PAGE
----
NAFCU to Treasury: Work closely with the NCUA regarding digital asset development
NAFCU Regulatory Compliance Counsel Dale Baker offered comments in response to the Treasury Department’s request for comment (RFC) on the responsible development of digital assets, expressing support for Treasury and other regulators applying existing anti-money laundering and countering the financing of terrorism regulations to intermediated digital-assets-related finance applications and activities.
Baker explained that, while the Treasury Department fulfills its consultative requirement under President Joe Biden's Executive Order on Ensuring Responsible Development of Digital Assets, they do not have to “go at it largely alone.” Baker urged Treasury to work closely with the NCUA to ensure it does not deter responsible technological innovation or unnecessarily burden the already well-regulated credit union system as it strives to detect, disrupt, and prevent criminals’ misuse of digital assets and related technologies.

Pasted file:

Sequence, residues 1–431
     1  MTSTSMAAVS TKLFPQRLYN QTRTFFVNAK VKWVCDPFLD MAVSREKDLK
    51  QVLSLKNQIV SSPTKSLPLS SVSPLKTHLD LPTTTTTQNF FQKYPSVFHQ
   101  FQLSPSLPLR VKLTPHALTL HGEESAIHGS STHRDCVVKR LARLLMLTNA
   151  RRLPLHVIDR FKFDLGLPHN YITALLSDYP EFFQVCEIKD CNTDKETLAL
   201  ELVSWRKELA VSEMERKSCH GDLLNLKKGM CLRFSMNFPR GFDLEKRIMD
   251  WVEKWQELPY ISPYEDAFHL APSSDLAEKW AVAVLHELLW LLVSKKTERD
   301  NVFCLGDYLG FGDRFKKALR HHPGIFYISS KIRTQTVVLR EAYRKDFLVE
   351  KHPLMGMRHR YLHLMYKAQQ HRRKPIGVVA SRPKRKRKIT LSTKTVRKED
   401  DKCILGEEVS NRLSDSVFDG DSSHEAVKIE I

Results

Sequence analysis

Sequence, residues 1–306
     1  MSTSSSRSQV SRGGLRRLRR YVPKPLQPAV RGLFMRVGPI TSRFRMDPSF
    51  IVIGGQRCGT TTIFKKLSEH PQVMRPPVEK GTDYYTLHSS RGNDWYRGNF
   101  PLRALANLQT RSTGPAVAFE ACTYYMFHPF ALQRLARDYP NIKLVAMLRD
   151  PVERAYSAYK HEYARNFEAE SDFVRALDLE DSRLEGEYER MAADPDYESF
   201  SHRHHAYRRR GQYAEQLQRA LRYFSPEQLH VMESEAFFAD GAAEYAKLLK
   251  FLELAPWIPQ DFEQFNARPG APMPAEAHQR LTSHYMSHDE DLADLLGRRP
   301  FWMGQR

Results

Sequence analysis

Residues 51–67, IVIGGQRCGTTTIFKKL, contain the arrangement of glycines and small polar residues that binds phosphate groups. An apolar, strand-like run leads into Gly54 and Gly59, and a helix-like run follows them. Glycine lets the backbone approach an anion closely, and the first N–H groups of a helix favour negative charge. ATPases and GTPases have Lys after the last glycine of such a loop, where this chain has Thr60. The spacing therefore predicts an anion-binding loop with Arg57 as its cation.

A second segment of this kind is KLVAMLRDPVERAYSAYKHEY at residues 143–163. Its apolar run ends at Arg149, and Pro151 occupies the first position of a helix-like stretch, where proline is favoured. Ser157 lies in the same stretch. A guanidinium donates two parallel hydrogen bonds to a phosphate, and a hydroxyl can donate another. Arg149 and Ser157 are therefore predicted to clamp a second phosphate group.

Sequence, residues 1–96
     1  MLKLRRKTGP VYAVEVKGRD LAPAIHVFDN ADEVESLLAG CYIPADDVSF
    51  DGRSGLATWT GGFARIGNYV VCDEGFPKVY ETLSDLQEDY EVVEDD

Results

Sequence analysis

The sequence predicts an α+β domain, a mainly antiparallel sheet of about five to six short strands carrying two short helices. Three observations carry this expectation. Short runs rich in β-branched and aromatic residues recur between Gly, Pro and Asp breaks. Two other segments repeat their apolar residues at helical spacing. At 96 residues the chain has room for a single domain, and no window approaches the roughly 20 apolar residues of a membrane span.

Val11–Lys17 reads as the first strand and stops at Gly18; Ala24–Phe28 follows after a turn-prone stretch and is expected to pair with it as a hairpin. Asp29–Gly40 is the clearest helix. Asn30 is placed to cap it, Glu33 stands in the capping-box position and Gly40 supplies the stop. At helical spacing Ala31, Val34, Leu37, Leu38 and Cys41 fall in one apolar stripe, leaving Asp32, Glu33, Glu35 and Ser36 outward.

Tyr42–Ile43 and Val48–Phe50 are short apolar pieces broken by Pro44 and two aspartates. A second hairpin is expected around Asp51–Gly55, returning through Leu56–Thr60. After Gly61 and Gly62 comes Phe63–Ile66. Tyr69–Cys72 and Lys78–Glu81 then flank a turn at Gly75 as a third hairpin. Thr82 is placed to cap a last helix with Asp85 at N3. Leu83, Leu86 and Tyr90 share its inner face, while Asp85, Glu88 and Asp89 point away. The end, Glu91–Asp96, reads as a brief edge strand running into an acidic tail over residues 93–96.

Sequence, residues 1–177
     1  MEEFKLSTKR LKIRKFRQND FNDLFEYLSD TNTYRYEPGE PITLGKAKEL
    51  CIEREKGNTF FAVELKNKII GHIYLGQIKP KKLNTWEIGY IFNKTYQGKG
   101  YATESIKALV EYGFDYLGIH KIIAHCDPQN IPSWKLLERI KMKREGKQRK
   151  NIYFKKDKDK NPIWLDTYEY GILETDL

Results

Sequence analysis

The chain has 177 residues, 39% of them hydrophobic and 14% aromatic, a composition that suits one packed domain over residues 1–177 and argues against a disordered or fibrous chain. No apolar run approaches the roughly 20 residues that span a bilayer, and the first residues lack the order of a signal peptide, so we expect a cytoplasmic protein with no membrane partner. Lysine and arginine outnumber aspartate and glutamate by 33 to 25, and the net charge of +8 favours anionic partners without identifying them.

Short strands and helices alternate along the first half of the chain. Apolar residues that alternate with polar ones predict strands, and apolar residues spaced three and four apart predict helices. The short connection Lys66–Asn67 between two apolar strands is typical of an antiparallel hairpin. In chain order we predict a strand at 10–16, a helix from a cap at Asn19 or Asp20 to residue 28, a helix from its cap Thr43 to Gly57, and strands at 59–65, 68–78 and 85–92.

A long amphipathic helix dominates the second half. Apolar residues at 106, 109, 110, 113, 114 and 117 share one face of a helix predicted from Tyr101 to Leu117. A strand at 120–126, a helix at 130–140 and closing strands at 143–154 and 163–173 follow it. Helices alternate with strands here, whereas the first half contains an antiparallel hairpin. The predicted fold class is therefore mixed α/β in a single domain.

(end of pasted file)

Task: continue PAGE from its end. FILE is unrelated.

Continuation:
In addition, Baker highlighted the differences between intermediated digital-assets-related finance applications and activities, like those engaged in by some credit unions, and truly decentralized digital-asset-related finance applications specifically designed to enable users to interact and transact with one another without any intermediary’s involvement.
NAFCU also offered comments in response to the Treasury Department’s initial RFC on this topic offering support for a framework for regulating digital assets that accommodates responsible innovation within the credit union industry while also ensuring that standards exist to promote safety and soundness, mitigate financial stability risks, protect consumers and investors, and prevent financial crime.
NAFCU responded to a similar RFC from the Commerce Department, reiterating that the expected costs of digital assets, such as a central bank digital currency, would outweigh the benefits and that superior alternatives exist for accomplishing the same objectives. NAFCU first communicated these concerns to the Federal Reserve in a letter on the same topic.
The association will engage with the Treasury Department on this topic and continue to ensure credit union concerns are heard.
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